Great messages

Is It Any Good?

Our review:
Parents say (111 ):
Kids say (69 ):

Blunt unquestionably makes Mary Poppins her own while also keeping nostalgic viewers happy with tributes to the original in this whimsical, playful sequel. Director Rob Marshall loves making big-budget Hollywood musicals, and in Mary Poppins Returns, he ambitiously creates a delightful world that families with kids of all ages will be eager to dive into and enjoy. Everything from the amazing production design to the colorful costumes to the catchy, upbeat songs penned by Marc Shaiman and Scott Wittman (a few of which contain references to the Sherman Bros.' original 1964 score) has that Disney glow. The performances are all good, with Blunt leading the way. Miranda's Cockney accent is a little subtler than Dick van Dyke's was (British folks notoriously panned the lovable actor for his over-the-top attempt), and, refreshingly, there isn't a hint of romance between his Jack and Mary. Instead, they're old friends who show the three Banks kids how to be imaginative and helpful. Whishaw and Mortimer are well cast as the grown-up Michael and Jane, and Meryl Streep memorably joins the proceedings as Poppins' eccentric cousin Topsy.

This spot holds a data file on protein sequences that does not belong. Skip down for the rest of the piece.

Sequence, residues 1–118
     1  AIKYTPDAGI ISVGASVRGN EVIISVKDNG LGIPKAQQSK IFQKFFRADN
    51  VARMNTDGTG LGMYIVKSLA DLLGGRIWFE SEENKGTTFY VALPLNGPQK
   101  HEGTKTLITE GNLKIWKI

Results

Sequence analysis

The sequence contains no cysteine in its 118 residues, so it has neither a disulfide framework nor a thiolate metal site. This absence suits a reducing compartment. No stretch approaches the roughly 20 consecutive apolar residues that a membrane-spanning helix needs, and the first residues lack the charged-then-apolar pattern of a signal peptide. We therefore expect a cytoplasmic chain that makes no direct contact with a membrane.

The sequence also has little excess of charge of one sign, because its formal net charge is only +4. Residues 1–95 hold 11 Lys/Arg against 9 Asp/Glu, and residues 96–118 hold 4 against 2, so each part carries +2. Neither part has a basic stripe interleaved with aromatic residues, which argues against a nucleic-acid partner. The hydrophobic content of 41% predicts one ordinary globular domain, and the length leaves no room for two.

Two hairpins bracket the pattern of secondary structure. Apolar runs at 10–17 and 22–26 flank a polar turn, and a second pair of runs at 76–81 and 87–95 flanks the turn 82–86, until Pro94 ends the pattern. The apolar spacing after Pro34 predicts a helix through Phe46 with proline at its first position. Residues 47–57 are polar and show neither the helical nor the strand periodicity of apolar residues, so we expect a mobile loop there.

If there's a relatively weak spot in the movie, it's the plot, which is fairly thin and predictable (many moviegoers will figure out exactly where those missing bank documents are), but you don't watch a Disney musical expecting Tinker Tailor Soldier Spy-style twists. The musical numbers are especially fun, and it's a pleasure to see Blunt and Miranda sing and dance together. Hamilton fans are rewarded with the big, Miranda-led lamplighters' song "Trip a Little Light Fantastic" (a clear successor to the original's "Step in Time"), and his and Blunt's rousing vaudeville duet "A Cover Is Not the Book" is also quite memorable. The lullaby "The Place Where Lost Things Go" is lovely, and "Nowhere to Go But Up" will make audiences remember the joy of "Let's Go Fly a Kite." Will this sequel replace the original in moviegoers' hearts? Probably not. But it's still a sweet spoonful of sugar.

Movie Details

Inclusion information powered by

Did we miss something on diversity?

Research shows a connection between kids' healthy self-esteem and positive portrayals in media. That's why we've added a new "Diverse Representations" section to our reviews that will be rolling out on an ongoing basis. You can help us help kids by suggesting a diversity update.

Common Sense Media's unbiased ratings are created by expert reviewers and aren't influenced by the product's creators or by any of our funders, affiliates, or partners.

See how we rate